take tonnage from the rail lines, and the taxes levied on
the railroads and their trackless competitors are often un
Senator Borah, speaking in Congress last December, said :
"It will be very difficult to educe freight rates if we continue in
this country to increase taxes upon the railroads as we have for
the last four years These public utilities must collect this
money from but one source, and that is from those who ship."
Railroads, like other businesses, must pay taxes. They
are willing to pay their, but they ask that the tax burden be
equitably distributed, and that the public appreciate that
taxation is an element of increasing importance in railway
The price of transportation is bound to keep pace with
the cost of transporation. We are bending every effort to re
duce the cost.
Constructive suggestions are always welcome.
C. R. GRAY,
Omaha, Nebraska, President
September 1, 1923.
ONE OF THE STRONGEST COMPANIES IN AMERICA.
T. j - " ' ' j
YOU have been
able for many
years to get Good
year Tires at prices
below the average
level, as the above
chart shows. You
can get them today
for 30 less than
they cost ten years
ago. But you have
never been able to
get so much quality
in a Goodyear Tire as
you get today in the
new Goodyear Cord.
This is a good time
to buy Goodyears.
At Coodveov 5rre Station
Deasrs ue Mil and recom
mend IK. na bsunr 1
Cords Willi Ine hmlrd Ml-
W.ath.r I r.aa ana oncn
Ihem up with ttandard
Western .Msde.faf Western Trade"
Don't You Need Hosiery?
We Have the
$1.25 to $2.50
Come in and see the
MATCHES ALL COLORS
E.N.G0NTY SHOE STORE
w V vr
if insured dies from natural
if insured dies from accident
and in case of total permanent
disability the company will
1 Waive all premium payments
2 Pay $25 per week for 1 year; and thereafter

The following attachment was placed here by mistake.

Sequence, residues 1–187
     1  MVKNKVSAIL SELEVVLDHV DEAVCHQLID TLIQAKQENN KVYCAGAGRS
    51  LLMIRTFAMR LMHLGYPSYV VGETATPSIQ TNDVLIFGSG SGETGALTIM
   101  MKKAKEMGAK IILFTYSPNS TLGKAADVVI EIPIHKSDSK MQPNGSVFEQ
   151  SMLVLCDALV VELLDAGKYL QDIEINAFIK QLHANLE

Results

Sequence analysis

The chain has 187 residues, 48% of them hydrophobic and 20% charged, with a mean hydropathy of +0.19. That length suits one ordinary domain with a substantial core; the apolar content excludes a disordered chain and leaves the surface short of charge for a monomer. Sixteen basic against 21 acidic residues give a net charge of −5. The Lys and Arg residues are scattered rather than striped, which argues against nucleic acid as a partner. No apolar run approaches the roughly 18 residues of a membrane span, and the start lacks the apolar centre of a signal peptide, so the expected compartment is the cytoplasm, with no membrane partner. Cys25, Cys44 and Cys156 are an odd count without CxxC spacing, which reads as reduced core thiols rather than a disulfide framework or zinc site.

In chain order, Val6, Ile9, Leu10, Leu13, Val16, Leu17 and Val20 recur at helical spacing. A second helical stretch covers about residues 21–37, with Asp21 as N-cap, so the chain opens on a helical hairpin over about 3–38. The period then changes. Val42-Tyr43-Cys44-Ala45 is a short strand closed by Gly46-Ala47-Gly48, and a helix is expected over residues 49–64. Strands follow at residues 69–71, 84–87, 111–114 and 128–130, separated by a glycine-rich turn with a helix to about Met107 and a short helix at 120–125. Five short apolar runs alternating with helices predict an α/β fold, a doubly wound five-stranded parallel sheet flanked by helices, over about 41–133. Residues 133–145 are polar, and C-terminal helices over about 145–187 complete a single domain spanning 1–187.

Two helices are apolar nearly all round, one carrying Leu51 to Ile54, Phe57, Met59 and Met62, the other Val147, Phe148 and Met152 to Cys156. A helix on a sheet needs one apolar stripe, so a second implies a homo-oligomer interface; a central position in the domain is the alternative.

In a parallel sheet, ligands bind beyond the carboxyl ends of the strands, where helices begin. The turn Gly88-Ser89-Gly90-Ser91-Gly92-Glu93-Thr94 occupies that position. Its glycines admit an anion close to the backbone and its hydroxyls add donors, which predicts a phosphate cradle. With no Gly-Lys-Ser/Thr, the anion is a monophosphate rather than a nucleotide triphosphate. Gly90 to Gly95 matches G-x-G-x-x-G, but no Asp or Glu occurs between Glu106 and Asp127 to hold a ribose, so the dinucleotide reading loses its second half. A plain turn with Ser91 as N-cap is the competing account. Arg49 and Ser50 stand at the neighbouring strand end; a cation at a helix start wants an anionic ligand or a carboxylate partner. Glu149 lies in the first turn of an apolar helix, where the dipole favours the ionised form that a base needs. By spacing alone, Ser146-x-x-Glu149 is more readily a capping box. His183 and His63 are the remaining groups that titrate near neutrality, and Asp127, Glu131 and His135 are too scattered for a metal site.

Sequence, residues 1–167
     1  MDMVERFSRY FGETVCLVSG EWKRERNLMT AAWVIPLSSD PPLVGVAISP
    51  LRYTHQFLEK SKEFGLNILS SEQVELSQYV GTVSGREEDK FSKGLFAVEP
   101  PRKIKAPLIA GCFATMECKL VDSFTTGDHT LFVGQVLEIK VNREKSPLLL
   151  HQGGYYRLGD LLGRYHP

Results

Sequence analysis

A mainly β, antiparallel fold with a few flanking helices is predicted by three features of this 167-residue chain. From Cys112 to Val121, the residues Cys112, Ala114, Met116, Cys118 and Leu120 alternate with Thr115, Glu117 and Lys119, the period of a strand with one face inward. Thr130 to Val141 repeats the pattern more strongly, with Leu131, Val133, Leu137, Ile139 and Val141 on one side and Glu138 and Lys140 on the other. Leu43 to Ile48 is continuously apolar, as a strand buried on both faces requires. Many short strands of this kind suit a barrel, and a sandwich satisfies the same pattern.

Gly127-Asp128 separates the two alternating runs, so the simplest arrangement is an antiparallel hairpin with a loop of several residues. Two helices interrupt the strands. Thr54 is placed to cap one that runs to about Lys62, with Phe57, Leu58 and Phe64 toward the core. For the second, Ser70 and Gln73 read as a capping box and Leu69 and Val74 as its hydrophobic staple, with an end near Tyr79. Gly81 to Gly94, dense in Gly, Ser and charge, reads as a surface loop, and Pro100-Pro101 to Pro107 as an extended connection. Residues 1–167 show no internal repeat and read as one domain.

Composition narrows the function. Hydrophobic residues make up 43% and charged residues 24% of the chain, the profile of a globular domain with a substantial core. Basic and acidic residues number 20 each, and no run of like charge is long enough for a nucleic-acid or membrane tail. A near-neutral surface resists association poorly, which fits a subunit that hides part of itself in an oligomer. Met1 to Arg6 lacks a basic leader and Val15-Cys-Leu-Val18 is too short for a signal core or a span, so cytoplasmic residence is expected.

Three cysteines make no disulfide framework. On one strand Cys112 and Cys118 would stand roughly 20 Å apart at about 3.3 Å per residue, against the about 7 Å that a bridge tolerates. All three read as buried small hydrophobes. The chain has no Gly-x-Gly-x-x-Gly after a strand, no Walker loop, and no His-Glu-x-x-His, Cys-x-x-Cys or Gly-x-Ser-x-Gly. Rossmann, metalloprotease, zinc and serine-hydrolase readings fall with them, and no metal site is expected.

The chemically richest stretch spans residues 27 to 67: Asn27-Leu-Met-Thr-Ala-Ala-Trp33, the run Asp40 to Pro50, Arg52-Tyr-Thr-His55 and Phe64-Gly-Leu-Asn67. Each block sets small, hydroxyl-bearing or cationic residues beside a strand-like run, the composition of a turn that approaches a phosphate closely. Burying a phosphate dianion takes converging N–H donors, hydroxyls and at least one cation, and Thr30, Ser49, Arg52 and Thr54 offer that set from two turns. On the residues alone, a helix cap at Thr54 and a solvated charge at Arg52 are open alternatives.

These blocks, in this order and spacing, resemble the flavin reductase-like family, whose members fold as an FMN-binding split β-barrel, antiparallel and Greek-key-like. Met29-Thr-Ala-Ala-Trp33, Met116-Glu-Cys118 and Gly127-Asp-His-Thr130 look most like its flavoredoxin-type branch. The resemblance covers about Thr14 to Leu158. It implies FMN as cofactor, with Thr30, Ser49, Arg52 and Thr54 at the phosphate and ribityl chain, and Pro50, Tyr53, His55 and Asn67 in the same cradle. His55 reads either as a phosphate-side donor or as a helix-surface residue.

3 Pay $50 per month for life; and
4 Pay $5,000 to beneficiary when insured dies
5 If disability involves loss of limbs or sight
as a result of accident, the company will
pay $5,000 immediately in cash, IN AD.
DITION to all other benefits.
(In case of temporary disability as a result
of either accident or sickness, the company
pays $23 per week for a limit of 52 weeks.)
This shows the actual protection you will get from a
Perfect Protection Policy in West Coast Life. These
figures are based on a $5000 policy. Proportionate ben'
ents for larger or smaller policies. West Coast Service
is a service that endures. It protects you during your
lifetime, and your loved ones after you are gone.
Don '( fay this paper aside until you have torn out
the coupon. It may mean the difference between
poverty and happiness for you and yours.
time to mail
J"4' MS H'lfcH
Writ Cojit Life tniurince Co.
603 Mirket Street, Sin Frutaaca, Ciiifocnu
Without oblitatton on my part, pk tend me actional itv
formation about your Perfect Protecuoo Policy:
AH"-" . i. 1
West Coast Life
MOMI OFFICB-aAM rSANClSCO
EMERY GENTRY, District Manafer,
WE HAVE IN STOCK THE FOL
LOWING SIZES OF
AT THESE PRICES
3 1 x4 Heavy Duty Oversize, S. S. $ 1 9.50
Heppner Tire &
Specials in Wagons
and Grain Drills
3-in. Mandt, regular $160 Special $130
312-in. Mandt, regular $175 Special $140
6000-lb. capacity U. S. Army Wagon. $140
Also famous Winona Wagons in various
VAN BRUNT GRAIN DRILLS.
1 18-7 Disc Drill, regular $205, Special $190
1 18-7 Hoe Drill, regular $195....Special $180
1 16-6 Disc Drill, regular $190, Special $170
Also Superior Drills at Bedrock Prices.
Notice of advance in prices for next year al
ready received. Betetr buy NOW.
Peoples Hardware Co.
Deal In Dollars
JT'S GOOD business when you deal in dollars.
You acquire a stock in trade which never
goes below par and is always good in any
market. There is scarcely any reasonable
desire that the average person cannot gratify when
they deal in dollars which is another way of saying
The rapidly growing habit of thrift among the Ameri
can people and a keen appreciation of the comforts and
security that comes from money in the bank, makes
it necessary that you do likewise else lose out in enjoy
ment of a full nad peaceful old age.
Remember a pass book at a bank is the only dream
book in which dreams come true.
To get ahead, one must have a definite plan about it.
When opportunity knocks have your First National
Bank pass book about you.
Fir& National Bank